Childhood diseases are associated with a reduced risk of melanoma (but with no statistical significance).
Colds / flu are associated with a 68% reduction in risk of melanoma.
An infected wound is associated with a 79% reduction in risk of melanoma, and a chronic infectious disease with a 68% reduction in risk of melanoma.
Almost all infectious diseases are associated with reduction in melanoma risk: influenza is associated with melanoma risk reduction by 35%, pneumonia – by 55%, staphylococcus infection – by 46%. This apparent dose-response relationship suggests a causal association.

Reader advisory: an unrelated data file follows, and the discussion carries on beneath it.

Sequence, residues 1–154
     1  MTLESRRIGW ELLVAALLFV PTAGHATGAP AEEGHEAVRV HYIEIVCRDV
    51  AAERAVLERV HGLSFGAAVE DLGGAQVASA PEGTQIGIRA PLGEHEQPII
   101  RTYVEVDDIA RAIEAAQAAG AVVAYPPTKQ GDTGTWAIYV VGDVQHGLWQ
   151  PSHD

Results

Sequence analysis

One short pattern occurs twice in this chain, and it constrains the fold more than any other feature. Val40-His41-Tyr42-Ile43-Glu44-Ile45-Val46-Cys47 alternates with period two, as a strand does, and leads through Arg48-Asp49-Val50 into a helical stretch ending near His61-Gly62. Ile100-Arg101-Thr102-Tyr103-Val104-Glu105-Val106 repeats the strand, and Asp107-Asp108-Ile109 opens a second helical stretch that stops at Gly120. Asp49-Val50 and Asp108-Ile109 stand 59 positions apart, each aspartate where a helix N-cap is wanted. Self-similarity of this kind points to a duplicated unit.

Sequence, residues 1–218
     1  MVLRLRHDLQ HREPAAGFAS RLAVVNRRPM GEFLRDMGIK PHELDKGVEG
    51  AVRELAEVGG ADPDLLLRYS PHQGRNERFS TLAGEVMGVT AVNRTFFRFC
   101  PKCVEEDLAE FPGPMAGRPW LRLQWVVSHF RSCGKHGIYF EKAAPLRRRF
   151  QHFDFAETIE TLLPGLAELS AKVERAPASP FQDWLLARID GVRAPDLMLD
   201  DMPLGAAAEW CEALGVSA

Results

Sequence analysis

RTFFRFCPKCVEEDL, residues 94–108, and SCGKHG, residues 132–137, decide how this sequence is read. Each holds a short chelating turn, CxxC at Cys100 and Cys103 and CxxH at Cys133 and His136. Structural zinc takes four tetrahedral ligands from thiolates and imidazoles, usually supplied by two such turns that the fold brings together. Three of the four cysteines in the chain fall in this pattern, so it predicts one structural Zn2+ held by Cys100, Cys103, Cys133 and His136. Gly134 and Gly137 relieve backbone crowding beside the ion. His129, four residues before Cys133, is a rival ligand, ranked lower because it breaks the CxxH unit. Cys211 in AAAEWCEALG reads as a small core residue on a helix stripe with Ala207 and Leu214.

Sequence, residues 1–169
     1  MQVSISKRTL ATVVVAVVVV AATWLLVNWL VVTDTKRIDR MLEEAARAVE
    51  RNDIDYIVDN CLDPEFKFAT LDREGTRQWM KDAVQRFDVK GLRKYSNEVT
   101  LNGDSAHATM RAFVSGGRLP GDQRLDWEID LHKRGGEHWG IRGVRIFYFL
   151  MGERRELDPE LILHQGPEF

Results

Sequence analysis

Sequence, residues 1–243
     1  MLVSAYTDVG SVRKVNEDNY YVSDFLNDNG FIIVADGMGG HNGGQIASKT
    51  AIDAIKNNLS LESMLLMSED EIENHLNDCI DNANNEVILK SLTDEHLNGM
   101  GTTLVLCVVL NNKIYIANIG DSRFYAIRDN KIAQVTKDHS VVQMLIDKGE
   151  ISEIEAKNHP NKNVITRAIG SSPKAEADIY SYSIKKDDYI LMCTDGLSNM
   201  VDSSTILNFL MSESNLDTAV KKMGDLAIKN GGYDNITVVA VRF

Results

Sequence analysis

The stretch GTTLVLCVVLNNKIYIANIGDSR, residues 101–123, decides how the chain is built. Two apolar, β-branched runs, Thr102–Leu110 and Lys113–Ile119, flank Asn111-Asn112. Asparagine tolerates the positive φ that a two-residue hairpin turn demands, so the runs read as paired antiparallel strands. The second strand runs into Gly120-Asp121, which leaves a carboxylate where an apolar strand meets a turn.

In 2014, a woman was cured of multiple myeloma using a huge dose of recombinant measles virus.
Currently, clinical trials are being conducted on treatment of various oncological diseases with measles virus.
Successful use of the measles virus to treat skin cancer in five patients is reported here. An explanation on how measles virus destroys melanoma cells is provided here.
Measles virus has also been used successfully to treat ovarian cancer ,. The virus turned out to be much more effective than Avastin, which is currently a trending, but also very toxic and very expensive cancer drug.